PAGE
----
Family Magazine

Learning How to Cope from the Japanese

By Sandwichedboomers @SandwichBoomers
Learning How to Cope from the Japanese
For the past 10 days, we've seen heartbreaking pictures of epic devastation in Japan, resulting from the massive earthquake and ravaging tsunami there. And read frightening reports of damaged nuclear reactors with newly elevated levels of radiation in the food and water supply. But what we've also seen are people reacting with composure and a cooperative spirit. And we've read about people demonstrating resilience and unity in the face of tremendous horror. Even with the shock of one-half million homeless and estimates of 10,000 dead, the culture of the Japanese remains one of harmony with a focus on what is best for the group. There is certainly grief and mourning the loss of loved ones, but the reaction to the tragedies has not led to a further deterioration of community cohesion.
From your distance, how do you respond? Are you overwhelmed by the 24-hour news coverage? Has your level of anxiety increased? If you're feeling vulnerable, you're not alone. The emotional reactions to disasters such as these may be even worse for baby boomers, who reveal higher levels of depression than other age groups, according to the website ThirdAge.com.
The palpable distress created by shocking news reports has added to the already high levels of stress identified by the American Psychological Association in their national survey. The study found 75% of the U.S. population experiences at least some stress every two weeks, with half of these rated at moderate or high levels, leaving people emotionally exhausted. And stress levels have increased over the past five years - even before the catastrophes in Japan - impacting both physical and psychological health.
APA has compiled some strategies to help those recovering from disasters. And to reduce your stress levels and take better care of yourself, here are some of our tips to help manage the pressures you face:
Focus on what you can control, not what you can't. The people of Japan could not stop the earthquake or tsunami but they did choose to react to the disasters with teamwork and a sense of purpose. When can't influence negative circumstances of your own, you can still decide how to handle them. Let go of painful thoughts and unrealistic expectations. Keep a journal to aid in the process of releasing frustration and coping with anxiety. Clearly define your goals and aspirations. As you keep your focus on what you can do, a positive accomplishment may emerge from the negative situation. Giving a helping hand does wonders - it provides aide to those in need and makes you feel useful too.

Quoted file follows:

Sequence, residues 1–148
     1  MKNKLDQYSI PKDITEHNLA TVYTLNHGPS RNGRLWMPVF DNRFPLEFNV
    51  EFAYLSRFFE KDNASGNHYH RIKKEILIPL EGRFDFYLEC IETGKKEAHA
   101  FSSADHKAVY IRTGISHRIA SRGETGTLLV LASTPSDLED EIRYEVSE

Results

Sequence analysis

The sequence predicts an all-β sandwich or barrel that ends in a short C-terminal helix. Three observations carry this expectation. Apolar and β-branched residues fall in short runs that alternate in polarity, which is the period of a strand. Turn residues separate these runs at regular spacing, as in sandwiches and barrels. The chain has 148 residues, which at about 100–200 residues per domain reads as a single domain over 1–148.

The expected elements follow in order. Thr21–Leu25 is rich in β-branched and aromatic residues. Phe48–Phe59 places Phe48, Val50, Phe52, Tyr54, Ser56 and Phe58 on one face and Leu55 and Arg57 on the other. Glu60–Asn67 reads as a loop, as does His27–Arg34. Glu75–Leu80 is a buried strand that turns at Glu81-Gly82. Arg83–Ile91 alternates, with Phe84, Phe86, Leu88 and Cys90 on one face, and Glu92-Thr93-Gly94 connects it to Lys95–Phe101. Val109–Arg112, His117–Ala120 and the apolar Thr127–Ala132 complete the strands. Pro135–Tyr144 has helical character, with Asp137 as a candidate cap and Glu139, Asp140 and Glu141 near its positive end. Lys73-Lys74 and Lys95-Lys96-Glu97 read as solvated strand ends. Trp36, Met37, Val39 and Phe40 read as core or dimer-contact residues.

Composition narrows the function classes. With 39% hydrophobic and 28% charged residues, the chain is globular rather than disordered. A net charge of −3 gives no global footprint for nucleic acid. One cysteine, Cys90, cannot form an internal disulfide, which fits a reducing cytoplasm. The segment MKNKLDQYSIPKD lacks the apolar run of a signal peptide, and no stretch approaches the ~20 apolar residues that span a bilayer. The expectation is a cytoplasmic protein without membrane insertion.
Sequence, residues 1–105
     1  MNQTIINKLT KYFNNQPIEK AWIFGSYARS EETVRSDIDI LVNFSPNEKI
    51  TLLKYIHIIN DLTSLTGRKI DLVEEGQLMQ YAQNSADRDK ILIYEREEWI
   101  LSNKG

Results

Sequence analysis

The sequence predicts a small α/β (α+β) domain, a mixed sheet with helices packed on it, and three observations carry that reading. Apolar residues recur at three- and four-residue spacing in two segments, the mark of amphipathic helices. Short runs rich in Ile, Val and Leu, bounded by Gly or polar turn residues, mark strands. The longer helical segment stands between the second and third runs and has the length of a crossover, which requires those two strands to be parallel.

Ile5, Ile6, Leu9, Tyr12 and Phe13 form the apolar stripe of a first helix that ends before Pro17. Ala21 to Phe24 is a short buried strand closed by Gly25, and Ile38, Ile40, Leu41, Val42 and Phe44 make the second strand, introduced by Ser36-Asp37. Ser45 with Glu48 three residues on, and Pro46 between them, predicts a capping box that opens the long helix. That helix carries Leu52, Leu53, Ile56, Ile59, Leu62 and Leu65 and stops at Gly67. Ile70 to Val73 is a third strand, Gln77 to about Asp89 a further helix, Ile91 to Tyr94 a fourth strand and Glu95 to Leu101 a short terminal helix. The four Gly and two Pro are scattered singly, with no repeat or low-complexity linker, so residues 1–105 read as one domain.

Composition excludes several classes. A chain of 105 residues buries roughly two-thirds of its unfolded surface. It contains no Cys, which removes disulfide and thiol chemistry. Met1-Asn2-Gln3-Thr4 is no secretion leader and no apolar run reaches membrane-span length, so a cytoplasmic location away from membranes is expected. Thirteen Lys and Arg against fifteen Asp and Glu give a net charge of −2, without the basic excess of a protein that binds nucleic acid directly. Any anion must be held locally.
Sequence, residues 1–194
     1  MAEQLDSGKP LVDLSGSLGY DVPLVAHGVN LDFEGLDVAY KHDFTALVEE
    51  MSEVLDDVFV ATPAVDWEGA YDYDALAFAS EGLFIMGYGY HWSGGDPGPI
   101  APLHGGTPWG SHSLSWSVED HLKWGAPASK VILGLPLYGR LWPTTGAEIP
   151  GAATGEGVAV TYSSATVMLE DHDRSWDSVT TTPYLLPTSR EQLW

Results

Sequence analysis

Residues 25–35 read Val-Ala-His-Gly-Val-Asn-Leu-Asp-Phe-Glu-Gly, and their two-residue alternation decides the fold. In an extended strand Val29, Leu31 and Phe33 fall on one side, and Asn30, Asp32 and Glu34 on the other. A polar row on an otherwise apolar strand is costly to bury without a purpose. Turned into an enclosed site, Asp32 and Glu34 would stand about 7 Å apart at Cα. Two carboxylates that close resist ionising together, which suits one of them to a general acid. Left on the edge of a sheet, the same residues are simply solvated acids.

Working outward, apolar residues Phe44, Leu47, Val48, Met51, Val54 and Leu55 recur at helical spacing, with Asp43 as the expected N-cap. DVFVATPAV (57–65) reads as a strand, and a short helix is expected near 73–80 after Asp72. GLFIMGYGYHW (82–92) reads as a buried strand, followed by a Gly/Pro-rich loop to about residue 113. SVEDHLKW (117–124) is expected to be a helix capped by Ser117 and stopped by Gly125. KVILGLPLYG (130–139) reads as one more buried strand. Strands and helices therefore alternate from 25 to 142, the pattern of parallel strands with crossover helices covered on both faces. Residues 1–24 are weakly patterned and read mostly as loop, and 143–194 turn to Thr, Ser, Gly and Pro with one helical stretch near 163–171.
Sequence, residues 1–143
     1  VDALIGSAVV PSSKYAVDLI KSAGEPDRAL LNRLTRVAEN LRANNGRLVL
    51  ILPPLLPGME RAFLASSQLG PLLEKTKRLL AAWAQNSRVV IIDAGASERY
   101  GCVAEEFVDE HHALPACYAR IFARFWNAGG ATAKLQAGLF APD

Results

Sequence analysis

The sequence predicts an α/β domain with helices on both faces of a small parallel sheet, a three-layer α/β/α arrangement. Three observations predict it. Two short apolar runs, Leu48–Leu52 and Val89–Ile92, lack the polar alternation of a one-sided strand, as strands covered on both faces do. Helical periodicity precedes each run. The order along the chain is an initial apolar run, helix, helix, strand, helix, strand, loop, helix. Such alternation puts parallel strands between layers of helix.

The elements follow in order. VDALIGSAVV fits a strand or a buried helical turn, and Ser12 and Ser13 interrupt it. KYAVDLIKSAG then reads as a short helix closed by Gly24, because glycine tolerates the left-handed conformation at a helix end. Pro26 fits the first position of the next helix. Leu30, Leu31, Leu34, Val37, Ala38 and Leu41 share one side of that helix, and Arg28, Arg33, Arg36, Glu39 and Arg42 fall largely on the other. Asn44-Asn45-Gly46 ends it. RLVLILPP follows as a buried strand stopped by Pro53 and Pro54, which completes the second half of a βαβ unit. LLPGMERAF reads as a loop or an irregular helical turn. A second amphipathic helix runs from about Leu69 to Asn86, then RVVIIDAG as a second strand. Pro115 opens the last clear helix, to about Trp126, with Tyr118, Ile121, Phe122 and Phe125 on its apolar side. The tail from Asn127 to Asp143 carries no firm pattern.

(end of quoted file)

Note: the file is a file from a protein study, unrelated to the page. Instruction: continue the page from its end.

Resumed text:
Maintain balance in life between family, job and your own needs. Don't over commit yourself - rather, attempt to retain a normal routine. Set aside some special time for yourself to recover your equilibrium - even if you are a sandwiched boomer with a family in flux. Get enough rest and sleep to allow your body to recover from the stresses of the day. Over 40% of the APA respondents reported lacking energy and feeling fatigued on a regular basis.
Shift your attention to what is truly important. Although hundreds of thousands in Japan lost their homes and possessions, they drew together as families and friends. As you revise your priorities, recognize the value of the underpinnings of your own strength - family, friends, spiritual connection. Express gratitude for your many gifts and change the focus from yourself to those around you. Offer help to those who require it, in Japan or in your own community. You'll feel better when you do and provide essential material support to the needy.
Draw on your strengths. APA survey respondents admitted their lack of willpower to create a healthier lifestyle, but 70% still thought they could improve and make the changes they had identified. What personal strengths have you used in the past to kick-start your progress? Rely on those now as well as ones you've developed more recently. Brainstorm ways to apply these abilities in a novel way.
The recovery in Japan will not be easy or quick. As Confucius said, A journey of 1000 miles begins with a single step. Our hearts are with the people of Japan as they continue to take small steps forward toward personal and national healing. We can all learn from their determined attitude and courageous behavior in reaction to the tremendous crises they face.
For more tips about how you can cope with your own challenges, check back here on Wednesday. And you can receive a complimentary copy of our ebook, Courage and Lessons Learned: Reaching For Your Goals when you sign up for our free monthly newsletter, Stepping Stones.

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